A cup of fine tea: Papa Osmubal’s “At Hac Sa Beach, Macau”

Papa Osmubal’s “At Hac Sa Beach, Macau”  [Read the poem here] (First published in issue #4 of Cha)

– This post is written by Tammy Ho.

In the first line of the poem, the persona says, ‘The moon is  a wide-eyed owl’. I picture this eye to be similar to Cheshire Cat’s disembodied grinning mouth: it lingers when the face has completely vanished. If the moon is the wide-eye of an owl, then the sun must be its closed eye. This giant owl is winking at us from above; its wink suspended for the duration of the night. A transient moment magically prolonged. This owl, the replacement of God, is omnipresent: it eavesdrops (L2), it gazes (L3). Such is the night world of Macau’s Hac Sa Beach portrayed in Osmubal’s poem.

Under the gazing eye of the ‘wide-eyed owl’, the people in the poem are comfortable enough to strip themselves bare. Their nakedness enables them to ‘reliv[e] our days in the womb / where the world is all water, wind and fire’ (L3-L5). Not only does the moon undergo metamorphosis in this beach world, people’s shadows, too, transform: ‘Our shadows are amphibians’ (L6) – my favourite line in the poem. Equally adaptable on land and in water, the shadows ‘thriv[e] among sands, pebbles, and waves’ (L7). And slowly we realise that the whole night is changing; it is becoming more and more like the womb world,  which is ‘all water, wind and fire’. The persona says, ‘The night is warm like blood and breath. / Our silence reverberates in the wind’ (L8-L9). Blood is thickened water; wind echoes wind; warm breath is gentle fire.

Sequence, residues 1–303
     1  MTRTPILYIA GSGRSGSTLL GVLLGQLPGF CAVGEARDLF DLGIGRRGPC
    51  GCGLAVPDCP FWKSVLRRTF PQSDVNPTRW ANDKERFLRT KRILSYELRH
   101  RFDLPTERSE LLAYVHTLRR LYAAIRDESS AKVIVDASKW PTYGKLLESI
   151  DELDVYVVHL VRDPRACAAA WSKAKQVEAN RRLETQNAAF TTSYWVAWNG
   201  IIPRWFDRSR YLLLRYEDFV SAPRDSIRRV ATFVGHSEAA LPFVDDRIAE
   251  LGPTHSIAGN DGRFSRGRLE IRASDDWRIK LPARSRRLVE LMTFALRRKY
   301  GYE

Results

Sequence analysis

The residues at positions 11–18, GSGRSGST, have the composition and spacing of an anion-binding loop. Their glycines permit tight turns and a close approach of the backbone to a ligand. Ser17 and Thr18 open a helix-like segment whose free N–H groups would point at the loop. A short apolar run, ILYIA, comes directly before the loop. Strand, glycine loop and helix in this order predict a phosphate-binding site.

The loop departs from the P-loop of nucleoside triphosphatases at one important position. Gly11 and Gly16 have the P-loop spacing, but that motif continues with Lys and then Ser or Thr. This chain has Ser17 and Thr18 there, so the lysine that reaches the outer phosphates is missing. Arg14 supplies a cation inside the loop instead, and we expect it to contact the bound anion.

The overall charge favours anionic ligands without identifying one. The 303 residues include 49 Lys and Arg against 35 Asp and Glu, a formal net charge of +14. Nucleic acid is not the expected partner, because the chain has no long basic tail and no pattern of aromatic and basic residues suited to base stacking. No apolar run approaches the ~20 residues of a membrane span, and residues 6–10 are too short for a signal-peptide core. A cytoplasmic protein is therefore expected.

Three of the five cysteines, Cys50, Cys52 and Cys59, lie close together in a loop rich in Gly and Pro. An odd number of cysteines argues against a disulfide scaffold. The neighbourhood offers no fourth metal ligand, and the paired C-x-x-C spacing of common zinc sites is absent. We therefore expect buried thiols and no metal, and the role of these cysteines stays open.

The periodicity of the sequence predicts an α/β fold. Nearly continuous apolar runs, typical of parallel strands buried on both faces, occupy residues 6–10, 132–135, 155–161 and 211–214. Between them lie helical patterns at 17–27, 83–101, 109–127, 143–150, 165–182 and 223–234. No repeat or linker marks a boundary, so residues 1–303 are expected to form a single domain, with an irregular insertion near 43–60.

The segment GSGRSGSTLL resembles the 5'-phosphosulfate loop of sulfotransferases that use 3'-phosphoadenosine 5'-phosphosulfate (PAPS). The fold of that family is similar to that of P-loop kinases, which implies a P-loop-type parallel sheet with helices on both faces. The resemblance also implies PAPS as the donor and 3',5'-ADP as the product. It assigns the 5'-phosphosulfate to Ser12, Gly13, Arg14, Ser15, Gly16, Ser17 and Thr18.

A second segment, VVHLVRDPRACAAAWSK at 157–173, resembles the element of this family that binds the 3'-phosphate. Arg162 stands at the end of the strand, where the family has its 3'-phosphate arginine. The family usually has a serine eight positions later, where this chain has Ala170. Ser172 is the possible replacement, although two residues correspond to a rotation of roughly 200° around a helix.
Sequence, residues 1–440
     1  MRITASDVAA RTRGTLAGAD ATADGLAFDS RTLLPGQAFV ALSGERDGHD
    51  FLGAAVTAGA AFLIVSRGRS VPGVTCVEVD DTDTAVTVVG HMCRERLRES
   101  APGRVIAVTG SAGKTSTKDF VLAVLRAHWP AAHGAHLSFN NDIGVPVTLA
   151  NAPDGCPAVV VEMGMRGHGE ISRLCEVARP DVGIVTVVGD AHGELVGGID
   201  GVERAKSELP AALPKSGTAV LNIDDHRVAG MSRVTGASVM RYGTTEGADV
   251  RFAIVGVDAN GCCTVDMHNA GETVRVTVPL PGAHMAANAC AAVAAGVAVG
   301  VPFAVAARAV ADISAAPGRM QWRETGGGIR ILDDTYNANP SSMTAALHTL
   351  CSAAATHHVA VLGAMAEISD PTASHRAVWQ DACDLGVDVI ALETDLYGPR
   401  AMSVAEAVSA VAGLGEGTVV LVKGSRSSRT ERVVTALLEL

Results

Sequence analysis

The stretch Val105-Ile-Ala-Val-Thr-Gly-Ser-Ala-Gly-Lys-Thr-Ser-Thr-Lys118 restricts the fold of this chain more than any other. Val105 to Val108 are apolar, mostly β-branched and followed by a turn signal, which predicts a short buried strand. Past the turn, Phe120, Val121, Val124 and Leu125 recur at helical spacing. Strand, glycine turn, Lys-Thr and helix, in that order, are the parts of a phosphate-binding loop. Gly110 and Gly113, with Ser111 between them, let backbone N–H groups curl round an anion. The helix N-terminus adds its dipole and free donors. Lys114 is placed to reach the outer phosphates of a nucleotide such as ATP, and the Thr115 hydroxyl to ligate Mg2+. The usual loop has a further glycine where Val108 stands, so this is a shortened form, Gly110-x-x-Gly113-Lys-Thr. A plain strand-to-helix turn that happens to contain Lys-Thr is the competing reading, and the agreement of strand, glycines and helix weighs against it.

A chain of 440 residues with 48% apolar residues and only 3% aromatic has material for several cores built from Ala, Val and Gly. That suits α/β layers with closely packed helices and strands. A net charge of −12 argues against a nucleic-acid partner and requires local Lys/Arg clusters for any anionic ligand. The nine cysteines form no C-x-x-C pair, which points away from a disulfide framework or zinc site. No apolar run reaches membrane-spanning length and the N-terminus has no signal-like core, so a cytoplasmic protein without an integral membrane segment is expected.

If returning to the moment of birth is not far enough to reach for one’s origin, the persona compares him and his companion to Adam and Eve, ancestors of all. He playfully makes reference to ‘Eden’s total mystery’ (L10): ‘am I broken from your ribs / or are you broken from mine?’ (L11-12) However, the question is only asked to be immediately dismissed: the persona freely admits his ignorance in science and theology (L13). He also thinks himself unfit to explain ‘why our whispers have wings and songs’ (L14).

Like the persona, the reader is guided to defy logic — don’t you want to enter this night and this enchanted beach? Being gazed upon by an owl eye, you can test your shadows to see if they turn into amphibians, and then whisper — words grow wings and sing.

Papa Osmubal writes from Macau. His works, visual and literary, appear in numerous places, online and hardcopy, most recently in Bulatlat and Poor Mojo’s Almanac(k). He writes regularly for eK! (electroniKabalen / electroniKapampangan / electroniK…). He is currently working on a collection of modernist papercuts for his planned solo exhibition tentatively called ‘Nocturnal Voice’.

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9 Responses to “A cup of fine tea: Papa Osmubal’s “At Hac Sa Beach, Macau””

  1. Bob Bradshaw Says:

    What I like is how the poem consistently focuses us on our own mystery of existence, and how we came to be. It doesn’t slip off track from its message.